Matthew Backhouse

Matthew Backhouse is an APNZ journalist based in Auckland.

Ministry of Health unlawfully refused to pay carer

Margaret Spencer with her son Paul, as they arrive at the High Court. Photo / Brett Phibbs
Margaret Spencer with her son Paul, as they arrive at the High Court. Photo / Brett Phibbs

The Ministry of Health acted unlawfully in refusing to consider paying a mother for the care she gives her Down Syndrome son, the High Court has ruled.

The court has now ordered the ministry to consider paying Margaret Spencer, who has looked after her 44-year-old son Paul for the past 25 years of his adult life.

Ms Spencer began fighting for caregiver payments more than a decade ago.

She thought her battle had come to an end when the Court of Appeal last year upheld a Human Rights Review Tribunal finding that excluding payments to carers of disabled family members was discriminatory and in breach of human rights.

After the court's ruling, Ms Spencer applied to the Ministry of Health for caregiver funding.

However, the ministry refused to consider her application because it had earlier sought an order suspending the tribunal's finding.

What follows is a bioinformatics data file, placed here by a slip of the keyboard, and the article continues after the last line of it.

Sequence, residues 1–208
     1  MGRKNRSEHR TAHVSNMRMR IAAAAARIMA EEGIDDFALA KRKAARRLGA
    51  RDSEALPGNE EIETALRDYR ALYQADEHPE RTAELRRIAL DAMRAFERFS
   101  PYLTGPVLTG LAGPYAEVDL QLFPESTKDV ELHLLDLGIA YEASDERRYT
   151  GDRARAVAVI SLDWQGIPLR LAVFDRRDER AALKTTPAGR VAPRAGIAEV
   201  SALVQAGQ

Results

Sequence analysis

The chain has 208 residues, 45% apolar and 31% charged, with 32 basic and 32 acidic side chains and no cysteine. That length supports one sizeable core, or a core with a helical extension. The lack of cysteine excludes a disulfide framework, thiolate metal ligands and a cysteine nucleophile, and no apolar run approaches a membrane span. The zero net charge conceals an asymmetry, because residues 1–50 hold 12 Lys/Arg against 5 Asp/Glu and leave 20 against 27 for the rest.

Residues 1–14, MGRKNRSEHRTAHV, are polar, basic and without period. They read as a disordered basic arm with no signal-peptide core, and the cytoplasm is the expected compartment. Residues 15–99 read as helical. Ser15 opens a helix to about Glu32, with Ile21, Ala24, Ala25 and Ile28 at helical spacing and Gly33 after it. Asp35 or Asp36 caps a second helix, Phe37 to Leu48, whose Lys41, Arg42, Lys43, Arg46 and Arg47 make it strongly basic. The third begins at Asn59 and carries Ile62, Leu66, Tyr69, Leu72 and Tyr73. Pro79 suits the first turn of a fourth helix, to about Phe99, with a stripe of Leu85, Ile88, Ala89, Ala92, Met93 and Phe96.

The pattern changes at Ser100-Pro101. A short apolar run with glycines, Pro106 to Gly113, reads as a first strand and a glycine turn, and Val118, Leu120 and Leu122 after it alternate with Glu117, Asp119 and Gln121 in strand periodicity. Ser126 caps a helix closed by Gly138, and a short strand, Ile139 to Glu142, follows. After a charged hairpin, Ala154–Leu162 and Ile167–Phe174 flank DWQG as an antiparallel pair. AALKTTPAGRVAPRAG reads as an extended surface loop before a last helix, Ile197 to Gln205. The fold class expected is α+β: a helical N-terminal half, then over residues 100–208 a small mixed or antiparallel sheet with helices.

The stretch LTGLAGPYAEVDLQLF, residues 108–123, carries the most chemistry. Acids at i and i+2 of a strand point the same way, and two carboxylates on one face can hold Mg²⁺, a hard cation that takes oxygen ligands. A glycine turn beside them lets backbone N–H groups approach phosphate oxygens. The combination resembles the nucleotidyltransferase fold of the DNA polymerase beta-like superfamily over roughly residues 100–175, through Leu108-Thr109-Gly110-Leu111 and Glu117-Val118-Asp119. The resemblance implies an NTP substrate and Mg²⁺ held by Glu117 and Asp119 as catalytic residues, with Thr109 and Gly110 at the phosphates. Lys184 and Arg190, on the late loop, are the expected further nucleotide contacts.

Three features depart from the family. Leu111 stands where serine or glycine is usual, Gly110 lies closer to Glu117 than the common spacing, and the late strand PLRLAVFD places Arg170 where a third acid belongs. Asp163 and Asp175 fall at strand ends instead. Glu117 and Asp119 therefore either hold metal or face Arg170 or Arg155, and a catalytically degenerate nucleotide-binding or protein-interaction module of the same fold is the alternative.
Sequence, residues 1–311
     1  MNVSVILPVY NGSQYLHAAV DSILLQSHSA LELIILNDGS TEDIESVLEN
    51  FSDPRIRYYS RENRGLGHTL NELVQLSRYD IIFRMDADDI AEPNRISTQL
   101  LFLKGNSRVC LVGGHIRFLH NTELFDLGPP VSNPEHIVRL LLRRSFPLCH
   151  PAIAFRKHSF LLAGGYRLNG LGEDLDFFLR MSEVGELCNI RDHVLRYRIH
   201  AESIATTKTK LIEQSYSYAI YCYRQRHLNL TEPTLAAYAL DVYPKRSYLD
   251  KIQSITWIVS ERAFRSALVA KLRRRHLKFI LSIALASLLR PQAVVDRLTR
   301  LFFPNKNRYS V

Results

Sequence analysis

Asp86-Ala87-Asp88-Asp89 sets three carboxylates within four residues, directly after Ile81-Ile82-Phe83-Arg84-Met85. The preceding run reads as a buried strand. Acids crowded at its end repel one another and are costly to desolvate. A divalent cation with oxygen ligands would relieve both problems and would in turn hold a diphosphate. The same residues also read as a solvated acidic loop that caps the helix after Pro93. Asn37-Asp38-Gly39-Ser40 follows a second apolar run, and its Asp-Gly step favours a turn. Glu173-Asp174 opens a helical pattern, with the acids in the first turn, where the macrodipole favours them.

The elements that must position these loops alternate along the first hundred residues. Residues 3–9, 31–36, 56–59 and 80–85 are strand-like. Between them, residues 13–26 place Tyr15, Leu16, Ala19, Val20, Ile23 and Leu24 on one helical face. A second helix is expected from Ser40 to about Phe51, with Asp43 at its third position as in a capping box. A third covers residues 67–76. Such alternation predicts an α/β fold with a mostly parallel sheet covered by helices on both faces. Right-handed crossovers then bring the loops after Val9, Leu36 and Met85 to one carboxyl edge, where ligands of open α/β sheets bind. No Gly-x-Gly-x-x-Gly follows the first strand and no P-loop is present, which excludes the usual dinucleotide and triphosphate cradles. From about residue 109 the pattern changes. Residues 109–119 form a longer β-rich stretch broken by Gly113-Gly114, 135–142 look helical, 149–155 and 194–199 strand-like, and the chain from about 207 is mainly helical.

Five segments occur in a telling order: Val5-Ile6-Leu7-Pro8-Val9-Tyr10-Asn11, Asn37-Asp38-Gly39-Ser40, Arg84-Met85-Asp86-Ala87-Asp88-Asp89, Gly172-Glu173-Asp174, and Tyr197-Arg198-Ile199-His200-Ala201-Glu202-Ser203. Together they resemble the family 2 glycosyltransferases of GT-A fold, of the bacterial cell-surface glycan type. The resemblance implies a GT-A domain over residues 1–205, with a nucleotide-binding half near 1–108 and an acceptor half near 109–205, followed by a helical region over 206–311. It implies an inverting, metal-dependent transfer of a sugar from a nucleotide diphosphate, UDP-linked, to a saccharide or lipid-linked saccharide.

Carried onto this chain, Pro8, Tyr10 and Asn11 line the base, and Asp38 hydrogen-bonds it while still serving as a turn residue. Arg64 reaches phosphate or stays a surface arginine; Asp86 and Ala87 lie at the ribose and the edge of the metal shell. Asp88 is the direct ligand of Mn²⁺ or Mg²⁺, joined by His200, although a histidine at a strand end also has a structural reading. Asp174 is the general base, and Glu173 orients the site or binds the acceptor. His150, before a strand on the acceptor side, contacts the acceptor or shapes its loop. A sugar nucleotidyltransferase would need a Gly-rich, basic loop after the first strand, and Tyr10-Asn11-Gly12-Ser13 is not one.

Ms Spencer sought a judicial review of that decision in June.

In a written judgment, delivered today, chief High Court judge Justice Helen Winkelmann found the ministry acted unlawfully and in breach of Ms Spencer's rights by refusing to consider her application for funding.

Justice Winkelmann made an order setting aside and invalidating the tribunal's suspension order.

She also ordered the ministry to consider Ms Spencer's application for funding within the context of its existing disability services policy - but without regard for the parts of the policy the tribunal had deemed unlawful.

Justice Winkelmann also opened the door to compensation for Ms Spencer.

Ms Spencer's case had been singled out in Budget day legislation, passed under urgency in a single day, which prevented carers from seeking judicial reviews in the future.

Her legal team sought an interpretation of the legislation that would allow Ms Spencer, and others in her position, to be awarded compensation for past wrongs due to the ministry's unlawful policy.

Justice Winkelmann declared Ms Spencer could not be precluded from joining proceedings for compensation.

Ms Spencer had sought to be added as a plaintiff to the tribunal's original case in 2007, two years after proceedings were brought before the tribunal, but was told she was too late to join.

The court said all parties were in agreement that there should be no order as to costs.

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